Why extends?

Java 5 introduced generics so you can use for example the collection framework without casts. But when and why you need to use wildcards?

Lets have a look at the following example:

public class Container<ELEMENT> implements Iterable<ELEMENT>
{
private final List<ELEMENT> elements = new ArrayList<ELEMENT>();

public Container(Iterable<ELEMENT> elements) {
for (ELEMENT e : elements) {
this.elements.add(e);
}
}

public Iterator<ELEMENT> iterator() {
return elements.iterator();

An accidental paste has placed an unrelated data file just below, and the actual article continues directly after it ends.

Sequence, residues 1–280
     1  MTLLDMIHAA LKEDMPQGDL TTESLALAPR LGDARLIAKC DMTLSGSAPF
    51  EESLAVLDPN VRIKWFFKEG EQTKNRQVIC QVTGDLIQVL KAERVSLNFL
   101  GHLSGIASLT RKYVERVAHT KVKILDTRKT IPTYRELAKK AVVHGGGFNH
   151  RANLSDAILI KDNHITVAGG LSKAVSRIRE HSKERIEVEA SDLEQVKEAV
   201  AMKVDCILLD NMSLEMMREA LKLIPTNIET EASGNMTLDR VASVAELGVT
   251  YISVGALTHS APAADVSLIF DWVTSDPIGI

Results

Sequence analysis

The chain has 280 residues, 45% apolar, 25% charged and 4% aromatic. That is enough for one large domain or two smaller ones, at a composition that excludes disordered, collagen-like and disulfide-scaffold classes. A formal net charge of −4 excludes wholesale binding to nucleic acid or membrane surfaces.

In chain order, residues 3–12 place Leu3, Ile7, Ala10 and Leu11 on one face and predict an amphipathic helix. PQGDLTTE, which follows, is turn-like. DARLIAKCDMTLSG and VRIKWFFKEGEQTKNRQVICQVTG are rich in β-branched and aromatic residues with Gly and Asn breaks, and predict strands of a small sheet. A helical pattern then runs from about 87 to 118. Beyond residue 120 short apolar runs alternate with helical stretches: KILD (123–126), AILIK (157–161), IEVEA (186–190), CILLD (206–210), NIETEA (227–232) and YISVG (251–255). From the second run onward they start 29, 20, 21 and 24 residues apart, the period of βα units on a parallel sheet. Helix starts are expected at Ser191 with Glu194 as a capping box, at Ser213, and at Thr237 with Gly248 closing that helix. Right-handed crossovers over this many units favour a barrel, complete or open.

}

public int getSize() {
return elements.size();
}
}


Seems simple, but using it may become difficult:

public class ContainerTest
{
public void test() {
Container<Number> container = new Container<Number>(Arrays.asList(new Integer [] { new Integer(2), new Integer(1)}));
assertEquals(2, container.getSize());
}
}


The constructor is called with a List<Integer> which does not match an Iterable<Number> (the problem is nut the list but the integer).
Wildcards are the solution in this situation. Using wildcard you can write more universal but also typed code:

public class Container<ELEMENT>
{
...
public Container(Iterable<? extends ELEMENT> elements) {
...
}
...
}


Now the iterable of Integer In the example above will be accepted.